Knightv.McMahon

Court of Appeal of California, Second District, Division SixJul 5, 1994
26 Cal. App. 4th 747 (Cal. Ct. App. 1994)
26 Cal. App. 4th 74731 Cal. Rptr. 2d 832

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Docket No. B076098.

July 5, 1994.

Appeal from Superior Court of Ventura County, No. 122324, William L. Peck, Judge.

COUNSEL

Channel Counties Legal Services Association, Robert K. Miller, M. Carmen Ramirez, Grant R. Specht, Barbara Macri-Ortiz and Andrew Koenig for Plaintiff and Appellant.

Tina L. Rasnow and Richard A. Weinstock as Amici Curiae on behalf of Plaintiff and Appellant.

Daniel E. Lungren, Attorney General, Charlton G. Holland, Assistant Attorney General, John H. Sanders and Robin T. Gertler, Deputy Attorneys General, for Defendants and Respondents.



OPINION


Here we hold that an administrative law judge awarding payment for retroactive in-home supportive services (IHSS) benefits, pursuant to Welfare and Institutions Code section 10950 et seq., has the authority to award interest on retroactive payments. We also hold that appellant was an "aggrieved party" with standing to challenge the trial court's judgment which awarded her interest but did not determine whether the administrative law judge had authority to award interest.

All statutory references are to the Welfare and Institutions Code unless otherwise indicated.

Joanna Knight appeals from a judgment of the Ventura County Superior Court granting a peremptory writ of mandate ordering respondents to award her interest on her retroactive award of IHSS benefits at the legal rate of interest (10 percent). She asserts that the trial court erred as a matter of law in ruling that it did not have the jurisdiction to decide the other issue raised in her petition for writ of administrative mandamus (Code Civ. Proc., § 1094.5), i.e., whether administrative law judges have the power to award interest, and appeals from that part of the trial court's judgment.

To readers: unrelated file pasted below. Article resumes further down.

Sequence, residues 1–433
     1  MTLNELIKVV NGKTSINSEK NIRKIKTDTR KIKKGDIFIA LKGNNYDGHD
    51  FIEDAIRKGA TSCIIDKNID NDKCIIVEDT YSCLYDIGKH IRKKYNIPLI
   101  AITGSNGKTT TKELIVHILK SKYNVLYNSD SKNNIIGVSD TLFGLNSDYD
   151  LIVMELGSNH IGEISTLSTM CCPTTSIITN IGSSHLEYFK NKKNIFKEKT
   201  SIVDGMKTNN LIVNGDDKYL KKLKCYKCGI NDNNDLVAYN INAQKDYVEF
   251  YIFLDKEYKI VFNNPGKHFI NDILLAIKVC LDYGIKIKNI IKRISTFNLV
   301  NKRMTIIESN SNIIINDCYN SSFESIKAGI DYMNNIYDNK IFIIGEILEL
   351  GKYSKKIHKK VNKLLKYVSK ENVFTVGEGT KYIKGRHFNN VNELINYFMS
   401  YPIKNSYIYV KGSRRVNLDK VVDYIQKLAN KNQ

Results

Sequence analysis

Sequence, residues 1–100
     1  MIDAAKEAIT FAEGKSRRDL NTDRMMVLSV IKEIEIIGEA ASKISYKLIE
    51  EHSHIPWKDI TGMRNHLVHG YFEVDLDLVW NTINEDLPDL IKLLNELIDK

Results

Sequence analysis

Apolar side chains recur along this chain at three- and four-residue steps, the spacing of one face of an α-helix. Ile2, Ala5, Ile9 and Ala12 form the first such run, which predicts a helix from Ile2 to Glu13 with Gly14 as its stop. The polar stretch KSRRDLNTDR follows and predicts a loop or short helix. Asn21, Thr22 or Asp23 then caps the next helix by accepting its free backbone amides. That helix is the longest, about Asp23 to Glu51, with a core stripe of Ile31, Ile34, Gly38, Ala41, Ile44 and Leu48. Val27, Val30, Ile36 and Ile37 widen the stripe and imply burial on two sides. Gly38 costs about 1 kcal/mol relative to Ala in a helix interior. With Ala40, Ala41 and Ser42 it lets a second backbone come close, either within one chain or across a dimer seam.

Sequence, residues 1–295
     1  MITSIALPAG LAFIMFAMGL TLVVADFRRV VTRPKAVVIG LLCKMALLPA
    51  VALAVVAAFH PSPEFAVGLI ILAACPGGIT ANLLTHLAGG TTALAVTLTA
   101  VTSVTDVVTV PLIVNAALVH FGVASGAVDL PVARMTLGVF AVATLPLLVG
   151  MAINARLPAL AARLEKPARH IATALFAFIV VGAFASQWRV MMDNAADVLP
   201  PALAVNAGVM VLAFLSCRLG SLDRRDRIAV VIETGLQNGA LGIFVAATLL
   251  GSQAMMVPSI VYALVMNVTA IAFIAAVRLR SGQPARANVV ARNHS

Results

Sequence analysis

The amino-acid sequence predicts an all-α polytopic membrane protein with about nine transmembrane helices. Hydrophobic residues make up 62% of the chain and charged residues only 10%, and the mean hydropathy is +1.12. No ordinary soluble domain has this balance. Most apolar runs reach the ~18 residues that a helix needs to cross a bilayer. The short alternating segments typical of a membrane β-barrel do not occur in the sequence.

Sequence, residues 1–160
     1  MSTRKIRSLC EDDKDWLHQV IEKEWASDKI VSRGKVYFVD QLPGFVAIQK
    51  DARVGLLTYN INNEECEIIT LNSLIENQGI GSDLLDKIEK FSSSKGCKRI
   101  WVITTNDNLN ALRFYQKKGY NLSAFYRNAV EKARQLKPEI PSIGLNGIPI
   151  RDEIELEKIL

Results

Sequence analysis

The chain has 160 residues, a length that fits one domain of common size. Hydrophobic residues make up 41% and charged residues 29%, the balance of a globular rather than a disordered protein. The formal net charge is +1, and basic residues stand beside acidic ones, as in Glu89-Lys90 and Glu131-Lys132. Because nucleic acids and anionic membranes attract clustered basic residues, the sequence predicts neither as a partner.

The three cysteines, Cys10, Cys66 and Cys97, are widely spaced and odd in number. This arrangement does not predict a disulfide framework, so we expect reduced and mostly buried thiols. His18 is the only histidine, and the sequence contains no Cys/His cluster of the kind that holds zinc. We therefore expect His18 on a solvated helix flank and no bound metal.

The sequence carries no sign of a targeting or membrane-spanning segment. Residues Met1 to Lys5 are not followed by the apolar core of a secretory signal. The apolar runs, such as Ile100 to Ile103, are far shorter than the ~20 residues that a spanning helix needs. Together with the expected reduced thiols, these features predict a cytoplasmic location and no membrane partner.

We hold that an administrative law judge has the statutory authority to award interest under Civil Code section 3287, subdivision (a), and order the trial court to modify its judgment accordingly.

FACTS

Appellant is an indigent disabled person who receives IHSS benefits as a result of various medical problems. The IHSS program provides domestic in-home services to aged, blind, and disabled individuals. (§§ 12300-12308.) These services enable aged, blind, and disabled persons unable to perform the services themselves and otherwise unable to remain safely in their homes to avoid institutionalization. (§ 12300, subd. (a).) The IHSS program is administered locally by the county welfare department. (§§ 12301, 12301.1, 12302.)

Appellant has had several administrative hearings challenging welfare department determinations that have reduced her IHSS hours. (§ 10950) In May 1990, an administrative law judge ruled that she was entitled to receive more hours pursuant to the IHSS program. The decision refused to give her interest on the retroactive award of benefits, ruling that "[t]he claimant's request for interest payments . . . is better presented in a more appropriate forum."

The administrative law judge's decision was adopted by respondent Department of Social Services (DSS). (§ 10959.) Appellant filed a petition for writ of administrative mandamus in the Ventura Superior Court. (§ 10962.) In her petition, appellant alleged that, as a matter of law, interest is available on retroactive awards of IHSS benefits and interest is properly awardable in administrative fair hearings before administrative law judges, and that "[t]o prevent administrative law judges from awarding interest in administrative proceedings would force recipients to have to file lawsuits to recover interest owed on [IHSS] awards which would cause a multiplicity of litigation. . . . The failure to award interest deprives the petitioner from being made whole with respect to the loss of use of [IHSS] benefits during a period of deprivation. . . ." She further contended that to award interest only in court proceedings was a denial of equal protection and due process, and that interest is awardable under Civil Code section 3287, subdivision (a).

Respondents did not file an answer to the petition. Instead they stated they were willing to allow the court to enter judgment awarding interest. Appellant insisted on a hearing on her petition. The trial court entered judgment awarding the interest requested but ruled that "[t]he petitioner's request that this court also decide the issue as to whether administrative law judges have the power to award interest is denied as this court does not have jurisdiction to decide that issue in this case." The court stated at the hearing that appellant perhaps should file a declaratory relief action in Sacramento.

DISCUSSION

1. Appellant Has Standing to Appeal

(1a) Respondents filed a motion to dismiss the appeal on grounds that appellant lacks standing. They contend that since the judgment was in appellant's favor, she is not an "aggrieved party." ( Nevada County Office of Education v. Riles (1983) 149 Cal.App.3d 767, 779 [ 197 Cal.Rptr. 152].)